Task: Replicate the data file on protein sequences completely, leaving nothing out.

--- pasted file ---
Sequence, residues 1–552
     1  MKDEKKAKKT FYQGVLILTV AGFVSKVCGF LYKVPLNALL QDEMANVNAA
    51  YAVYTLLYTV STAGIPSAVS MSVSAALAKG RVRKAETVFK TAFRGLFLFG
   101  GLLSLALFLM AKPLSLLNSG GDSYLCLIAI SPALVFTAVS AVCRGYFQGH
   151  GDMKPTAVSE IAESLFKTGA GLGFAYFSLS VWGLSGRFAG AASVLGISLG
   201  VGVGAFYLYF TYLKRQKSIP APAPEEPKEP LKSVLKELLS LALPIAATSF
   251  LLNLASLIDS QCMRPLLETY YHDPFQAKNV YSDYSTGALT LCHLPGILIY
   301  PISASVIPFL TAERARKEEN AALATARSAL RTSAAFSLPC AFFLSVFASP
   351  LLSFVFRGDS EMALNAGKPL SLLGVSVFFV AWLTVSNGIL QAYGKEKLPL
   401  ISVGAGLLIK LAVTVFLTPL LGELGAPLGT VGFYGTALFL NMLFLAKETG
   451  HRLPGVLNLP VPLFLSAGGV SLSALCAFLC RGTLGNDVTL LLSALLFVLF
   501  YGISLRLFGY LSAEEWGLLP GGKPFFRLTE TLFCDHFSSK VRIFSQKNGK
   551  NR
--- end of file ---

Sequence, residues 1–552
     1  MKDEKKAKKT FYQGVLILTV AGFVSKVCGF LYKVPLNALL QDEMANVNAA
    51  YAVYTLLYTV STAGIPSAVS MSVSAALAKG RVRKAETVFK TAFRGLFLFG
   101  GLLSLALFLM AKPLSLLNSG GDSYLCLIAI SPALVFTAVS AVCRGYFQGH
   151  GDMKPTAVSE IAESLFKTGA GLGFAYFSLS VWGLSGRFAG AASVLGISLG
   201  VGVGAFYLYF TYLKRQKSIP APAPEEPKEP LKSVLKELLS LALPIAATSF
   251  LLNLASLIDS QCMRPLLETY YHDPFQAKNV YSDYSTGALT LCHLPGILIY
   301  PISASVIPFL TAERARKEEN AALATARSAL RTSAAFSLPC AFFLSVFASP
   351  LLSFVFRGDS EMALNAGKPL SLLGVSVFFV AWLTVSNGIL QAYGKEKLPL
   401  ISVGAGLLIK LAVTVFLTPL LGELGAPLGT VGFYGTALFL NMLFLAKETG
   451  HRLPGVLNLP VPLFLSAGGV SLSALCAFLC RGTLGNDVTL LLSALLFVLF
   501  YGISLRLFGY LSAEEWGLLP GGKPFFRLTE TLFCDHFSSK VRIFSQKNGK
   551  NR